For Peter, eating certain foods was forbidden.  It was unclean.  It was against the law.  For it represented a wiping away of distinctions, and blending, an unclean blending and mixing with the culture of the day.  (BTW, I love how the Jews-of-Peter’s-day paid such close attention to what they put into their bodies, not just (or maybe not at all) as a matter of health, but as a matter of religious practice.)

It was all about making distinctions between Jews and Gentiles, between us and them.  And Peter was observant, he was keeping the law...always had.
Imagine, doing something, believing something, one way, the same way, your whole life.  That’s how Peter had practiced/observed...his whole life, the same way.  And he was old!

That’s a little background.  And our text in Acts today picks up when the “apostles and believers” — the other insiders — call Peter out:  “We’ve heard that you’ve been going to, talking to, mingling with, DINING with Gentiles!  What’s going on?”  So Peter shares what had happened to him.  That he had had a vision from God…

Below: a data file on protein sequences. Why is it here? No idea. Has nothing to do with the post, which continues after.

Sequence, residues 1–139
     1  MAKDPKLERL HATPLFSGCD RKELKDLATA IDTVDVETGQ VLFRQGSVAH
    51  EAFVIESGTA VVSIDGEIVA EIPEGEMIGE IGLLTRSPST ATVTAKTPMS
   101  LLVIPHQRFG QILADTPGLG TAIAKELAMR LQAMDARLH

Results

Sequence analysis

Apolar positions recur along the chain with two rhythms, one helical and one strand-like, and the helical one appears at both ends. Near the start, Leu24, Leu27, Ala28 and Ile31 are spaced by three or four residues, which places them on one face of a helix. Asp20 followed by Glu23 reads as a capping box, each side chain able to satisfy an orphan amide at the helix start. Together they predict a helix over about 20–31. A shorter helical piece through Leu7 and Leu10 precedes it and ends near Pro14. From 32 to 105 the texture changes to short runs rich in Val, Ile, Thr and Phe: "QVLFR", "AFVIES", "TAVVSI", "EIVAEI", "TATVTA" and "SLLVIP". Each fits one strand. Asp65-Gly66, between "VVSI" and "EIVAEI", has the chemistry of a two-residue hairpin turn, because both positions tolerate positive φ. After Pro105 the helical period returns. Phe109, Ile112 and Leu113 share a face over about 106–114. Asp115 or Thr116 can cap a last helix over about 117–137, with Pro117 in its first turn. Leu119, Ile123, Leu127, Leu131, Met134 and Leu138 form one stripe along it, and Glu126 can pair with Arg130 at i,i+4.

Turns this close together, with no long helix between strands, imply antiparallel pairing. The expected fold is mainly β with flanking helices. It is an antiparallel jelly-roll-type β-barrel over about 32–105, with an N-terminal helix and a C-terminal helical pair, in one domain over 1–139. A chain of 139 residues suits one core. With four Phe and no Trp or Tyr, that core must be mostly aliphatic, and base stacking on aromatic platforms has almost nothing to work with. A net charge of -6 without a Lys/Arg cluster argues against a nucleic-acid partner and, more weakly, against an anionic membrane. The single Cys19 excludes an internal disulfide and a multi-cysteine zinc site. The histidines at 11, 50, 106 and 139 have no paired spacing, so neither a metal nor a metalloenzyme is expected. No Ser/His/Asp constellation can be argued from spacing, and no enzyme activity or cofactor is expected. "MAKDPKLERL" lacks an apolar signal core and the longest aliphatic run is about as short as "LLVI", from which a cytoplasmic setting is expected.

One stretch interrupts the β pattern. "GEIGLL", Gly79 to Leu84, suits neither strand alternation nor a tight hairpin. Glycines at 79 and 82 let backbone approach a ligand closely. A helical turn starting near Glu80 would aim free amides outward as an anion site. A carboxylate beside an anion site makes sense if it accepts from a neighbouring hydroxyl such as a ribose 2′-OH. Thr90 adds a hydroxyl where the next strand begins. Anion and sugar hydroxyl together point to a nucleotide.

How many of you have ever had a vision from God, that totally changed the way you thought about something?

It was a couple years ago that I took my Confirmation kids at that time up to camp — a great class of 5 kids — and as you probably know, it’s a great chance to minister alongside other pastors and youth directors...all people that are passionate about the faith development of our kids.  We teach side by side in the mornings with the camp counselors, and then in the afternoon, when the kids are doing the fun camp stuff, we have some time to visit with each other about life and ministry.  I love it, especially as a chance to get to know some older, seasoned pastors from around our church.  Rare experience, to get away, to relax a little bit, and share and enjoy God’s creation, etc…